Tevatron experiments double-team Higgs boson
Scientists from the CDF and DZero collaborations at the U.S. Department of Energy's Fermilab have combined Tevatron data from the two experiments to advance the quest for the long-sought Higgs boson. Their results indicate that Fermilab researchers have for the first time excluded, with 95 percent probability, a mass for the Higgs of 170 GeV.
This value lies near the middle of the possible mass range for the particle established by earlier experiments. This result not only restricts the possible masses where the Higgs might lie, but it also demonstrates that the Tevatron experiments are sensitive to potential Higgs signals.
Combining results from the two collider experiments effectively doubles the data available for analysis by experimenters and allows each experimental group to cross check and confirm the other's results. In the near future, the Fermilab experimenters expect to test more and more of the available mass range for the Higgs.
The Standard Model of Particles and Forces--the theoretical framework for particle physics--predicts the existence of a particle, the Higgs boson, that interacts with other particles of matter to give them mass. The mechanism by which particles acquire different mass values is unknown, and finding evidence for the existence of the Higgs boson would address this fundamental mystery of nature.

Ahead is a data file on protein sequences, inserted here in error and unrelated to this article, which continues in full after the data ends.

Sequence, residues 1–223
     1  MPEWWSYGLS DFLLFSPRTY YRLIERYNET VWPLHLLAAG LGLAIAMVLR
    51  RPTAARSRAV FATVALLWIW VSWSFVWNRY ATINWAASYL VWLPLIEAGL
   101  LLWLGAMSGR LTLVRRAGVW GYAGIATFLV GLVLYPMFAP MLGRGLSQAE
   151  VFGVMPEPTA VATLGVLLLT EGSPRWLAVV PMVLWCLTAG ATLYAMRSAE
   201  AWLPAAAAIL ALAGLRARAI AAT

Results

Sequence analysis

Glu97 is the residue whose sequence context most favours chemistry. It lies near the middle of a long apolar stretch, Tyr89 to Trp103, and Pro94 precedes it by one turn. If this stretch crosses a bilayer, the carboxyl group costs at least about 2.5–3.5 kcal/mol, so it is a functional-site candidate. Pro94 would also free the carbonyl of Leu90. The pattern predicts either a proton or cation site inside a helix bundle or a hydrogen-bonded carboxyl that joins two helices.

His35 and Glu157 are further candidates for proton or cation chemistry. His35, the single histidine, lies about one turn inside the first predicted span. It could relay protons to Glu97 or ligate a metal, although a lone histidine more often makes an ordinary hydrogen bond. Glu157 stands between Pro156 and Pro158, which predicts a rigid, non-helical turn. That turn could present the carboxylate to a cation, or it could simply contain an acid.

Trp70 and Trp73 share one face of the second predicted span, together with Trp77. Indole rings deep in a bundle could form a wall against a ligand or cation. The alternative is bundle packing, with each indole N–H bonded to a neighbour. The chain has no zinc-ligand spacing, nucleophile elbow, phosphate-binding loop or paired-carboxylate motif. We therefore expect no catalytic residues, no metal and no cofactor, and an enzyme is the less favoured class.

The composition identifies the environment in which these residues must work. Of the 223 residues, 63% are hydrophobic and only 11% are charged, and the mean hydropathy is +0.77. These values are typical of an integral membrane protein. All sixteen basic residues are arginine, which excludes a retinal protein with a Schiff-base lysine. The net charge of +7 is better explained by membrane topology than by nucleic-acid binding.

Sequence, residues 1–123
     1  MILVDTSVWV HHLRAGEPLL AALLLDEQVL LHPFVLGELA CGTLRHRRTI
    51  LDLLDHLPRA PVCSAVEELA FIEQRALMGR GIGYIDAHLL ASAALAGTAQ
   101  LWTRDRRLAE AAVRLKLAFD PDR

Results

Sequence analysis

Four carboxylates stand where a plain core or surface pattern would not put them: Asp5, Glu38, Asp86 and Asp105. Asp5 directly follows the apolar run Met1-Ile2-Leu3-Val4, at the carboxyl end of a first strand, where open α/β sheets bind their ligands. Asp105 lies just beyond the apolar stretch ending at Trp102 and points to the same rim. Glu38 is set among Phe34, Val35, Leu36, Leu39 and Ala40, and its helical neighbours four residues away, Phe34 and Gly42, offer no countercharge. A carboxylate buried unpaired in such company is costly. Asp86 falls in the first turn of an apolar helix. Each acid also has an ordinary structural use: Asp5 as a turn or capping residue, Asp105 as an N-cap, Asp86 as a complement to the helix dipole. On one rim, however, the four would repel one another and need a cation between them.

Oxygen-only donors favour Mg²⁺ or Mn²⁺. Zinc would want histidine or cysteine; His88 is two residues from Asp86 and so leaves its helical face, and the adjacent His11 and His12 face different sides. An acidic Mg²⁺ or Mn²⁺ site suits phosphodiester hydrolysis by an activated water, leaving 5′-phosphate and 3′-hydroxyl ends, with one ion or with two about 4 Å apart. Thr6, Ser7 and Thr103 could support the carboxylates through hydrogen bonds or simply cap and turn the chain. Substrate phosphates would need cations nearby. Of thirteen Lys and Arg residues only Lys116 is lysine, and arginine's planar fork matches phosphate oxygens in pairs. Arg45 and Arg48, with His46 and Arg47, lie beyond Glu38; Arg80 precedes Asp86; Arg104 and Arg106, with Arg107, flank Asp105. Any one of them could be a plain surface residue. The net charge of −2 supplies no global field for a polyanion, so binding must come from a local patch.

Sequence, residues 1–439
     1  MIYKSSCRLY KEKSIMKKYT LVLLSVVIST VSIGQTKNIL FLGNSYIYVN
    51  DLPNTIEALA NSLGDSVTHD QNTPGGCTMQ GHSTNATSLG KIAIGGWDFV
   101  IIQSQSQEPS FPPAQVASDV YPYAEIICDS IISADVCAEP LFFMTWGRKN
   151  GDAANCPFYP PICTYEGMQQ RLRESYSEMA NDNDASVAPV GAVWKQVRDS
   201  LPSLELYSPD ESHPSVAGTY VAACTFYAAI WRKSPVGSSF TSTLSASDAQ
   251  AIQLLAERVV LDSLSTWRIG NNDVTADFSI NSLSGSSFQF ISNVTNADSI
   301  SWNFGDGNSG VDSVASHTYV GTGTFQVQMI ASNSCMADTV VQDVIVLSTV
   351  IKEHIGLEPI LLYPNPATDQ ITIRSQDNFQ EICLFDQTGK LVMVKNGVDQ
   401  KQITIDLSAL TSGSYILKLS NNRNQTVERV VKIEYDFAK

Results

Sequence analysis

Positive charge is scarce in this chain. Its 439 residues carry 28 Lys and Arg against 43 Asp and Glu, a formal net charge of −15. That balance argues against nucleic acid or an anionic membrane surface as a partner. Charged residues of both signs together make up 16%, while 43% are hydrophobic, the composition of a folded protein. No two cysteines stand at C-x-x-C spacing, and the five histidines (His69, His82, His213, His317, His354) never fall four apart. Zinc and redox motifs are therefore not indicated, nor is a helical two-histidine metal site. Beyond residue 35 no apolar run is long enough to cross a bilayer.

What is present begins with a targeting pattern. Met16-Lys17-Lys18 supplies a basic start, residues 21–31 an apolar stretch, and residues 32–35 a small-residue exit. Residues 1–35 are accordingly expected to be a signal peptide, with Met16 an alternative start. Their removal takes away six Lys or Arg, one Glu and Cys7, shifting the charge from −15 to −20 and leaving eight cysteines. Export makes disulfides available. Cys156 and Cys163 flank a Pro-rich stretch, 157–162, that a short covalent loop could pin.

The CDF and DZero experiments each comprise some 600 physicists from universities and laboratories from across the nation and around the world. Currently, Fermilab's plans call for the Tevatron experiments to continue operating through 2010. In that time, both groups expect to double their analysis data sets, improving their chances to observe the Higgs.
Scientists expect operations to begin at the Large Hadron Collider at CERN, in Europe, sometime later this year. Observation of the Higgs is also a key goal for LHC experiments.
The Tevatron accelerator and the experiments are operating at peak performance. The Tevatron continues to break records for luminosity, the number of high-energy proton-antiproton collisions it produces. The more luminosity the Tevatron delivers, the more chances experimenters have to see the Higgs. Moreover, by continually improving their experimental techniques, the CDF and DZero physicists have been able to boost their sensitivity to the Higgs and other phenomena by more than the margin afforded by the increased data alone.
"The Fermilab collider program is running at full speed," said Dennis Kovar, director of the Office of High Energy Physics at the U.S. Department of Energy. "In the past year alone, the two experiments have produced 77 Ph.D.s and 100 publications that advance the state of our knowledge across the span of particle physics at the energy frontier."
The new Higgs results are among the approximately 150 results that the two experiments presented at the International Conference on High Energy Physics in Philadelphia held July 29-August 5.
"The discovery of the Higgs boson would answer one of the big questions in physics today," said Joseph Dehmer, director of the Division of Physics for the National Science Foundation. "We have not heard the last from the Tevatron experiments."
Source: Fermi National Accelerator Laboratory